Before we get underway wandering the planet, we decided to give Gémeaux a makeover in Ft. Lauderdale. Our first big passage would be a 1500 mile journey broken into two one-week segments from St. Martin to Ft. Lauderdale. Here’s the ship’s log that captured the highlights of the journey.
Destination: Turks and Caicos via the British Virgin Islands
Crew: Allen and his brother’s family (Don, Barbie, and son Allen)
After many flight delays and rerouting, Don and son Allen (who we’ll call Little Allen) arrived in St. Martin ready to embark on the first leg to the BVI to fetch Barbie. Fueled up, got dinner started on the grill, and bid farewell to our friends at the Ft. Louis Marina around 6pm. With 12-15kts of wind, sailed through the night with just the jib. Lots of marine traffic back and forth to the BVI.
Entered BVI’s Round Rock Passage just before noon and picked up a mooring ball outside Spanish Town where we cleared Customs. Went ashore to get ingredients to compliment the fresh fish our optimistic fishermen expected to catch, including enough wasabi to stock a sushi bar for an entire year. Picked up Barbie from the airport and we were off again. Left Trellis Bay via Monkey Island and set the main and jib in a broad reach with 15kts of wind. Had a great bbq pork dinner underway. Great sailing overnight with average speed of 7.5kts.
In the morning, Don set up the fishing lines, but no action. During the day, the wind freshened to 20+kts so decided to put a reef in the main. Spotted several freighters during the day, but otherwise, very little traffic on this section of the ocean. As the sun set, wind moderated so took the reef out. Winds shifted towards the east so adjusted course towards the north side of the Silver Bank to have better sailing conditions. Wind diminished overnight to 8kts by morning. Don and Barbie took a long 11pm-5am shift while the Allens slept.
Winds were light on Sunday so took the opportunity to hoist the spinnaker. Worked great! After an hour or so, winds began to freshen so we took the spinnaker down. By then, the winds were under 5kts so we turned on the motor. As we approached Silver Banks, Don caught a mahi-mahi but just as he was landing it on the swim step, the fish escaped. An hour later, the crowd went crazy as we caught a Bonita, which we landed and served for dinner! Enough fish for a group of 20 and plenty of wasabi! Our sailing journey had turned into a fishing trip! Motored all night on water that was like glass.
Arrived in Grand Turk at noon on Monday. Cleared Customs and the white wine drinkers did a dinghy run to Front Street to expand the cellar. After stocking up, we went to Hawks Nest Anchorage for a quiet night. Everybody slept long and hard!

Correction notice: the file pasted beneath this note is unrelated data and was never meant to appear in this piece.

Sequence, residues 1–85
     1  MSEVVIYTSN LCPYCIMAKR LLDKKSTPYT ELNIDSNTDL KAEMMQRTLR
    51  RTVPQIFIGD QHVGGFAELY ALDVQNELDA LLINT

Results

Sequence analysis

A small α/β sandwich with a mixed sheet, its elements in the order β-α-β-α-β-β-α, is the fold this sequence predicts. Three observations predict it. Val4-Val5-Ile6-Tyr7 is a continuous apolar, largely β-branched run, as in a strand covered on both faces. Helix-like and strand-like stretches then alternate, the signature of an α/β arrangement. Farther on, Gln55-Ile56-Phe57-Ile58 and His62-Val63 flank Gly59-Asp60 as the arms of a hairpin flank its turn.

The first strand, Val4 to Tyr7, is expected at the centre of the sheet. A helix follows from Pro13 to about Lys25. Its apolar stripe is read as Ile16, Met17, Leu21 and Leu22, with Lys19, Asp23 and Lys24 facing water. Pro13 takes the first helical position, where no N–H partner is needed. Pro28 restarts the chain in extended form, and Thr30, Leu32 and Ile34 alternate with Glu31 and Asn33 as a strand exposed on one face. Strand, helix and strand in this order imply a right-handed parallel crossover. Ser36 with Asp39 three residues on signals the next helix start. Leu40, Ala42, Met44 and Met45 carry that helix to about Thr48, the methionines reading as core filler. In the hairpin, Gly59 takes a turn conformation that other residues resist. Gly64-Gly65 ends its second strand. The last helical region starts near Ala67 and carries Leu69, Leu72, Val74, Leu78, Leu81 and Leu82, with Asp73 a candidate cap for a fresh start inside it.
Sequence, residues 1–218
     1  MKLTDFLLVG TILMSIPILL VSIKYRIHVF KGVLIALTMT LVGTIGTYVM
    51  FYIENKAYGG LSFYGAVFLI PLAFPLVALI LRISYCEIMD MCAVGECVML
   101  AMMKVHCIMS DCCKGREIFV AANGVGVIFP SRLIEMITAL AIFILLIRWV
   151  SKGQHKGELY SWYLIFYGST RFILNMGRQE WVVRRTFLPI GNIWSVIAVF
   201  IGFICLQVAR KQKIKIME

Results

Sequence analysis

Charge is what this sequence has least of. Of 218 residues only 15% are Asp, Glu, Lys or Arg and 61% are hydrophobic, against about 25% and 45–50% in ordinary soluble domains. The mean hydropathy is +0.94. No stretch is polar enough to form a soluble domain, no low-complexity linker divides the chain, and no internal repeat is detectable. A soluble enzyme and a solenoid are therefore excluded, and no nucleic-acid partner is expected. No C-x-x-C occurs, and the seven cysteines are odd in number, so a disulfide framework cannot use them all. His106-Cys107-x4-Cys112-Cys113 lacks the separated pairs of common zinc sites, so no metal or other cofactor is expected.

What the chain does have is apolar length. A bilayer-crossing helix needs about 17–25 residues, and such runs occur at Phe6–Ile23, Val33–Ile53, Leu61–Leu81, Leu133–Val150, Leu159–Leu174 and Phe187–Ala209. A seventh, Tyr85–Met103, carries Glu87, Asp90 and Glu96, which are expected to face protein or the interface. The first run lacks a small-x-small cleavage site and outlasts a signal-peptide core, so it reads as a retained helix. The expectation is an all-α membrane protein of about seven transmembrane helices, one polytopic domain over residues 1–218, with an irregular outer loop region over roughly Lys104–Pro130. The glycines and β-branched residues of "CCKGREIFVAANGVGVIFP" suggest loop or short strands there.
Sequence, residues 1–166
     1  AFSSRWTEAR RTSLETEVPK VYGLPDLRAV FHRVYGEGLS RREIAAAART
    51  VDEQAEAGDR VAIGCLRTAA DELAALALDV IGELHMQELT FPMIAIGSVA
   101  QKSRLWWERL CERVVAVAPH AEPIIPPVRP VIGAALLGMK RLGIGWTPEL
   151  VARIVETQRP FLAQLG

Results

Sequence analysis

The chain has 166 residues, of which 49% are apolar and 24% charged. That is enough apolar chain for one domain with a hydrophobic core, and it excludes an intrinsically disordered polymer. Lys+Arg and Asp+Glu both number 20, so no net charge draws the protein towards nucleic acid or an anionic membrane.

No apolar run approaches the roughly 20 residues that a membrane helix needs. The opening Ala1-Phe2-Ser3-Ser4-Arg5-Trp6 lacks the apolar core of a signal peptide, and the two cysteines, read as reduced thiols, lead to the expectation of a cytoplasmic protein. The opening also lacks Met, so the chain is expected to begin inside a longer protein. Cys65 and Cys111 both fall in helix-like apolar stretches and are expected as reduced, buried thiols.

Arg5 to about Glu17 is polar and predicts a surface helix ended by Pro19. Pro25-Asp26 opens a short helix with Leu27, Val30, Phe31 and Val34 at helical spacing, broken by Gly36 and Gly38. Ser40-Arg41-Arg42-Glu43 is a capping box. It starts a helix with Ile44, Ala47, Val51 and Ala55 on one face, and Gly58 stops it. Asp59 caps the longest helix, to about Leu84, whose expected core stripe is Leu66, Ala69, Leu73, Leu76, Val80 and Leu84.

Left Hawks Nest anchorage and caught and released several fish exiting the reef. Put up the sails and had a nice beam reach over to South Caicos. Along the way, we caught another mahi-mahi and managed to land this one and filet it for another dinner of fresh fish. Anchored in Cockburn Harbor for the evening.
Left Cockburn Harbor under gray skies. Rounded Long Cay to start across the Caicos Bank. Had good winds so hoisted the sails. Around 11am it started to rain, which continued for the next 4-5 hours. Caught a couple of barracudas, but fishing was slow. The helmsman had a very busy time dodging coral heads along the way:) When we got close to Provinciales, the rain stopped and the sun broke out. We decided to hoist the Gennaker, which had lots of issues with the furling system. Need to get some more cleats to control the furler. Once the sail was up, we really raced along. Wind began to freshen so we took down the sail, which caused much more drama in its entanglement.
Once the sail was down, we took some great drone photos–one that remains our favorite to this day. Anchored at Sapodilla Bay, which is much prettier than the picture in the book.
Pulled up the anchor and headed for Southside Marina. Pretty uneventful except the channel to Southside was very shallow. As the gauge showed a 4.5′ depth (giving us less than a foot of clearance), we crept along. Got fuel and our excellent captain pulled into our slip without incident.
At Southside, I redid the bolts on the autopilot, which I discovered was hanging on only by a thread, er…bolt–three of the four bolts were gone. Also noticed some water in the port engine compartment. Initially, I thought the heater was leaking, but would later discover it was a problem with the water maker.
Mission part one of our 1500-mile journey successfully completed.
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